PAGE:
|Citation:||Simon, B. S. (2004). High school outreach and family involvement. Social Psychology of Education, 7(2), 185-209.|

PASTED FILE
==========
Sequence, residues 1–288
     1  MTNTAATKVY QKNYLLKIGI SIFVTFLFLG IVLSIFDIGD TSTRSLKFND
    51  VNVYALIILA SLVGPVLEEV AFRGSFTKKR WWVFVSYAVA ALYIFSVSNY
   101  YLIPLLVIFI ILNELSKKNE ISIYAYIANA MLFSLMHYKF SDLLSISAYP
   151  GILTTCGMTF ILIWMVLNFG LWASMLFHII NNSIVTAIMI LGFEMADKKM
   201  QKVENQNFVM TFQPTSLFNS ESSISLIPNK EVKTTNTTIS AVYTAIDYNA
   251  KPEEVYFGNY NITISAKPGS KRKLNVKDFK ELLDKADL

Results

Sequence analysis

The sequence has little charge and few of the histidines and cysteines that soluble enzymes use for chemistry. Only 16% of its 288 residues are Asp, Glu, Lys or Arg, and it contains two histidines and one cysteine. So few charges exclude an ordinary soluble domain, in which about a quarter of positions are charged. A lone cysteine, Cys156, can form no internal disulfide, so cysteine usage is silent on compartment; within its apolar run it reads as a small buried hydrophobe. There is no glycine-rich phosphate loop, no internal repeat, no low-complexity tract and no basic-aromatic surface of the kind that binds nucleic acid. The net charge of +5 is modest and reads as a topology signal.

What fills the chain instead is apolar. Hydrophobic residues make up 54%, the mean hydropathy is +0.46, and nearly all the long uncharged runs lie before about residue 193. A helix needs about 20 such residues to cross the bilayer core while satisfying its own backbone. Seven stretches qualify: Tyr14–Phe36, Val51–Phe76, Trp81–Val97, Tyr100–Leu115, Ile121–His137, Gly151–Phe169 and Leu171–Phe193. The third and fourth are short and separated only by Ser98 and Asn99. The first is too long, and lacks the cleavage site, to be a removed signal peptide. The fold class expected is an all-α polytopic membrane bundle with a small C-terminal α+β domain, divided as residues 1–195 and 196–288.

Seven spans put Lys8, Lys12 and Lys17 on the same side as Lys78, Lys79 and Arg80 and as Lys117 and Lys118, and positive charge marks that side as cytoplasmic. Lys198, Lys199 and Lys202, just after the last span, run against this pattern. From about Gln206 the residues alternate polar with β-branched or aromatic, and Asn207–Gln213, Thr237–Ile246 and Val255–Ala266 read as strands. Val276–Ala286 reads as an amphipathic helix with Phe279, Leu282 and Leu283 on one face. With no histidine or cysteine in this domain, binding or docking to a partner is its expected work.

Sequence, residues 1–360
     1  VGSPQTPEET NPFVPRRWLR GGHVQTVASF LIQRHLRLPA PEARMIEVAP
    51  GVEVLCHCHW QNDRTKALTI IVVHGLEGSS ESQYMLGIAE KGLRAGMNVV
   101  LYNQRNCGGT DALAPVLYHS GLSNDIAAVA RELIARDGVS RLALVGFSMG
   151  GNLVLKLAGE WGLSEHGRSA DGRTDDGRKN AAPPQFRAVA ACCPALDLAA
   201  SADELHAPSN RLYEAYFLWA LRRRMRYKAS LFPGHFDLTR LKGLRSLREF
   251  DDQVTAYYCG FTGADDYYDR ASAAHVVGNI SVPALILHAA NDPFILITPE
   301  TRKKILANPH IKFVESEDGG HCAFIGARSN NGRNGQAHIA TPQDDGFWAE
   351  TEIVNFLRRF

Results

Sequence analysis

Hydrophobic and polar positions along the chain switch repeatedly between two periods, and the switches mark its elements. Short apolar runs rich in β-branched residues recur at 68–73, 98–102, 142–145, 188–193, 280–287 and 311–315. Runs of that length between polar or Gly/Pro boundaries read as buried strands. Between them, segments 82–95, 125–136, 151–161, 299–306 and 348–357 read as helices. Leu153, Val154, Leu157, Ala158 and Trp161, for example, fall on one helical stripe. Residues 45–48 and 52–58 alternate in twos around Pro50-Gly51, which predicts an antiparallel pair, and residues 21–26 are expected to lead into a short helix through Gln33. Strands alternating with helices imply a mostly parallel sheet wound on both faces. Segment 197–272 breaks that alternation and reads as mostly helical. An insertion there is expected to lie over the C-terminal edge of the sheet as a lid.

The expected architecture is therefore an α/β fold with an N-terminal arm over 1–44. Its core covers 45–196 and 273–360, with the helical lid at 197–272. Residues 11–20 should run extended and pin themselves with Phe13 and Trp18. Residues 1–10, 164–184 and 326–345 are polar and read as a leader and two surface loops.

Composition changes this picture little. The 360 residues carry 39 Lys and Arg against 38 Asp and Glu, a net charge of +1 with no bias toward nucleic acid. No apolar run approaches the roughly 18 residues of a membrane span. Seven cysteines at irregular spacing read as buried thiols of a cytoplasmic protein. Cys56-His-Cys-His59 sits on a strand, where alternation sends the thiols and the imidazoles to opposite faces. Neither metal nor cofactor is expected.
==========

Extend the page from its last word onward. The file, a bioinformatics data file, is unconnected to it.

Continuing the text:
When high schools reach out to families, are parents more likely to support their teenagers as learners? This research examines whether high school outreach programs can help sustain family partnerships that tend to decline as students transition from middle to high school. Predictors of parental involvement in various partnership activities at the high school level are examined. Analyses indicated significant relationships among several school outreach activities and a variety of parent involvement measures. Results indicated that high school outreach programs significantly and positively predicted parent involvement in a variety of learning-at-home, parenting, and volunteering activities, regardless of the students' background and achievement. School contacts concerning postsecondary planning, as well as other outreach measures, had a positive influence on parents' reports of college-planning discussions. Analyses also showed that school outreach to parents regarding how to assist students with homework positively and significantly predicted how often parents worked with their children on homework. This study examined individual-level reports from parents concerning their perceptions of school outreach and of their own involvement. Analyses were conducted on data collected from a sample of 11,348 parents of twelfth graders who were participating in the National Education Longitudinal Study of 1988 (NELS: 88). The socioeconomic status, family structure, gender, and race/ethnicity demographics of the sample were similar to the average for all twelfth graders participating in the NELS: 88 study. Results suggest that high schools are able to facilitate parental involvement in student learning, and they may accomplish this goal especially well when the organized activities align with the goals for the student. This study intends to address gaps in research that has generally ignored the relationship between high schools' outreach and families' involvement practices. Some of the findings indicated weak relationships that may be attributable to the NELS: 88 data and could be strengthened in future research through the inclusion of data regarding outreach program quality and frequency of parental involvement. Future research, including randomized controlled trials, should focus on determining causal relationships between family involvement and high school performance indicators.
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